WASHINGTON -- D.C. makes the cut as one of America's top ten most walkable cities, according to new list that ranks walkability in cities nationwide.
Walk Score rates convenience and transit access by a point system from 1 to 100 in 2,500 cities across the country. D.C., coming in at 73.2 on the scale, was ranked the 7th most walkable city after New York City, San Francisco, Boston, Chicago, Philadelphia and Seattle.
The high score comes with added benefits, Walk Score says. Folks who live in highly walkable places weigh an average of seven pounds less than those who don't. Added, property values are higher in such places. Walk Score says one point on its scale is equal to $3,000 of added property value.
The rankings are based on an algorithm that measures the ease of a car-free lifestyle in various cities. It awards points based on the distance to amenities from homes and public transportation routes. The closer the amenities, the higher the score.
The service says the best walkable neighborhoods have a center, such as a main street or a public space. They have enough people for businesses to flourish and for public transportation to run frequently. Plus, they have affordable housing near businesses, plenty of public gathering spaces and streets designed for bicyclists, pedestrians and cars.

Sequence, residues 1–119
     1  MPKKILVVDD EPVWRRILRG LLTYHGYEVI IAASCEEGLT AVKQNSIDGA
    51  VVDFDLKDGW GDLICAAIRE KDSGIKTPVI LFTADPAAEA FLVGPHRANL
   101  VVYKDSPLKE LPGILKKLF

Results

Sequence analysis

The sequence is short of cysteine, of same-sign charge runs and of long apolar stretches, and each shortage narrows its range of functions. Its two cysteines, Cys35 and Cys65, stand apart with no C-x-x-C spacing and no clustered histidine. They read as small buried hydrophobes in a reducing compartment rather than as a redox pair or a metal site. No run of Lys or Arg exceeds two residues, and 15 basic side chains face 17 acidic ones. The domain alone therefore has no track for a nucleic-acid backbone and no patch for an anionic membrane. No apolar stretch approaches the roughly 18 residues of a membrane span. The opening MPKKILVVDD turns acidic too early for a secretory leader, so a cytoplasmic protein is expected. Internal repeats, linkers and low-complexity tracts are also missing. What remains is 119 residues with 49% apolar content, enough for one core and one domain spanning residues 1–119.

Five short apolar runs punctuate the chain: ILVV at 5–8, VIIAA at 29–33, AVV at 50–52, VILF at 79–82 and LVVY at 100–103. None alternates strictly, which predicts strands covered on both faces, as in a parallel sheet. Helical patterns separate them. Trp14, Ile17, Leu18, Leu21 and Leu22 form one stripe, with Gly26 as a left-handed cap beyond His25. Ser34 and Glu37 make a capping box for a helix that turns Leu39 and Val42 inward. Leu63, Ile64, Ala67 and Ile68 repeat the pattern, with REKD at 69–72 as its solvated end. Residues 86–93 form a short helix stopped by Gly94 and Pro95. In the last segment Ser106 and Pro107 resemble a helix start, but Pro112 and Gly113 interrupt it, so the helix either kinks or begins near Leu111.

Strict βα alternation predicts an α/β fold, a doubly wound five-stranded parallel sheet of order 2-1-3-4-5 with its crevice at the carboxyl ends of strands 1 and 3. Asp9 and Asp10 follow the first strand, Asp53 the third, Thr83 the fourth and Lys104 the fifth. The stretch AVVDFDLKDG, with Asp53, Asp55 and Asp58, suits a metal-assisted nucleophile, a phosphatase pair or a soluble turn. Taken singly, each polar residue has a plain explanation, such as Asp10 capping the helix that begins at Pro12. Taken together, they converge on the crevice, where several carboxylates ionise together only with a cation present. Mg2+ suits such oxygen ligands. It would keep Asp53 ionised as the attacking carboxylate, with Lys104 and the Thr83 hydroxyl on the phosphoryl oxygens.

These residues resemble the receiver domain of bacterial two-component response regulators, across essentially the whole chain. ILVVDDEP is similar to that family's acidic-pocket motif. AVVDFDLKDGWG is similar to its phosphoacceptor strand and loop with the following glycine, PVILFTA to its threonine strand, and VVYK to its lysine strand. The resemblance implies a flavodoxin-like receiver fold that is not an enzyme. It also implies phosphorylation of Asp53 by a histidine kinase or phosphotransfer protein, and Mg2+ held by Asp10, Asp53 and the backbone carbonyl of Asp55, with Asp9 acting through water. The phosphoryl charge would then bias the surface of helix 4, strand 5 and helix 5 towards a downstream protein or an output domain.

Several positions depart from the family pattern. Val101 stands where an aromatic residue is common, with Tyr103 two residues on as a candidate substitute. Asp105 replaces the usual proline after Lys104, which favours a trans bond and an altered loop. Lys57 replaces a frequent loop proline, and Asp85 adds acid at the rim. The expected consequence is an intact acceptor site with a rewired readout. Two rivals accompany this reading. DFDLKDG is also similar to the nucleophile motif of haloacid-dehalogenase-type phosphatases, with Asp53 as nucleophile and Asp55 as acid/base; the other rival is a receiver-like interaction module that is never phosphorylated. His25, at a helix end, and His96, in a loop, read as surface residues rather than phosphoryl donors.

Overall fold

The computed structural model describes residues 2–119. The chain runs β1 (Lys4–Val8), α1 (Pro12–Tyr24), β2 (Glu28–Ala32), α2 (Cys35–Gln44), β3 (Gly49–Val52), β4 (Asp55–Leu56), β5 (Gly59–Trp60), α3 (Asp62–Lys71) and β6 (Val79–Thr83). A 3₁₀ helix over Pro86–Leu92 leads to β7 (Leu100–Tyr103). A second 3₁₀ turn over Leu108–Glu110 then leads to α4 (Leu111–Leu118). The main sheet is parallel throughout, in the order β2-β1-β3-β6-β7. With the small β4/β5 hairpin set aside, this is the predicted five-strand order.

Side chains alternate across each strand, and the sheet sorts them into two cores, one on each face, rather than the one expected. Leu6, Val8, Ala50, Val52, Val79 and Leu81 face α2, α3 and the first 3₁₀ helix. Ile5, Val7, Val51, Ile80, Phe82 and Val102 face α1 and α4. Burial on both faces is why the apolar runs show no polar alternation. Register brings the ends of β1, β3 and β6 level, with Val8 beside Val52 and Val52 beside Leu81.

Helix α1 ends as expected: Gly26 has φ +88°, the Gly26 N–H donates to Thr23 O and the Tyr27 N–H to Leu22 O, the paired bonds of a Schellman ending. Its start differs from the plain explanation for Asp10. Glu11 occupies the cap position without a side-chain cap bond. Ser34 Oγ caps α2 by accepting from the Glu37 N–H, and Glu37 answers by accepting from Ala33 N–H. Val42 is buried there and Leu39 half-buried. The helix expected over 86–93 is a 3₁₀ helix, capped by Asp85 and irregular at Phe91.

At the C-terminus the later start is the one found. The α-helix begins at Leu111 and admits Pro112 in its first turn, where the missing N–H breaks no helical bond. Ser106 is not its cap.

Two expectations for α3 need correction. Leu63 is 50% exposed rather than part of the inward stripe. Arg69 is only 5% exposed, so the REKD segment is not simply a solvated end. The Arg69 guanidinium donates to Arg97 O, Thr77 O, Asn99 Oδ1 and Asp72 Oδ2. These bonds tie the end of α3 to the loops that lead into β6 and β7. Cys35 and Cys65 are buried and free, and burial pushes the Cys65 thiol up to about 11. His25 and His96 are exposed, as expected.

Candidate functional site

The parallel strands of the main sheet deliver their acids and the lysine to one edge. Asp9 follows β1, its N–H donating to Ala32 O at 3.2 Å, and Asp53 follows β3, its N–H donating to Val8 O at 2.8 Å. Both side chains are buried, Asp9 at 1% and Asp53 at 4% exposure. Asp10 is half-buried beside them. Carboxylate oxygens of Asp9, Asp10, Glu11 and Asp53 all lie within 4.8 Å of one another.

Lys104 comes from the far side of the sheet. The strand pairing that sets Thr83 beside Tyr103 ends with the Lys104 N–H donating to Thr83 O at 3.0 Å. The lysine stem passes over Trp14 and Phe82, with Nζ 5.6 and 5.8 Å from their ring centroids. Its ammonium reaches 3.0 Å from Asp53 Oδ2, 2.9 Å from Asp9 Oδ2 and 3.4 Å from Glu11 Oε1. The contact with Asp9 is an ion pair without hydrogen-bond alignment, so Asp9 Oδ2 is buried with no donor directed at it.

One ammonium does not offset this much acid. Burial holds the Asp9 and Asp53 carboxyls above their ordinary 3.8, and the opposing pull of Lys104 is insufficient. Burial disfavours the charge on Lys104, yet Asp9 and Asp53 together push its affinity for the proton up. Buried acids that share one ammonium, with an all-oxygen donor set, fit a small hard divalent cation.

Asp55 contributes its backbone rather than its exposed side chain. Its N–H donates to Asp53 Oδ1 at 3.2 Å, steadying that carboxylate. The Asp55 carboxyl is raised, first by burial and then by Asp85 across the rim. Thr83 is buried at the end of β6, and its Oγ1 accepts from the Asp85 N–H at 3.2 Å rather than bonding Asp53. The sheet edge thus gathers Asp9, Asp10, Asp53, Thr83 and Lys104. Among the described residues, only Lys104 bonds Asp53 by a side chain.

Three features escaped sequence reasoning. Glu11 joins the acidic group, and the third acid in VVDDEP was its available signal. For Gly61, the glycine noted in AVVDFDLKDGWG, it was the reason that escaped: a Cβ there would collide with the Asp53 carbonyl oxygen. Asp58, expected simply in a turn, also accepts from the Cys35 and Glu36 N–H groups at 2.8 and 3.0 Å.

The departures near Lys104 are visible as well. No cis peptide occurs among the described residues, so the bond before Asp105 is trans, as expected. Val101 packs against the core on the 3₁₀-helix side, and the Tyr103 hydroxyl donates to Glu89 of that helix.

With its ranking, D.C. falls into Walk Score's "very walkable" category, the second highest. There were no cities ranked in the top category, "walkers paradise," which requires a score between 90 and 100. New York City, the top ranked city, scored 85.3.
Baltimore came in 14th, between Portland and Denver.
D.C.'s parks and long blocks draw people into its center making it pedestrian friendly by design, says Walk Score. Metro's effectiveness added to the city's score.
Still, 20 percent of Washingtonians live in neighborhoods where they need cars to get around.
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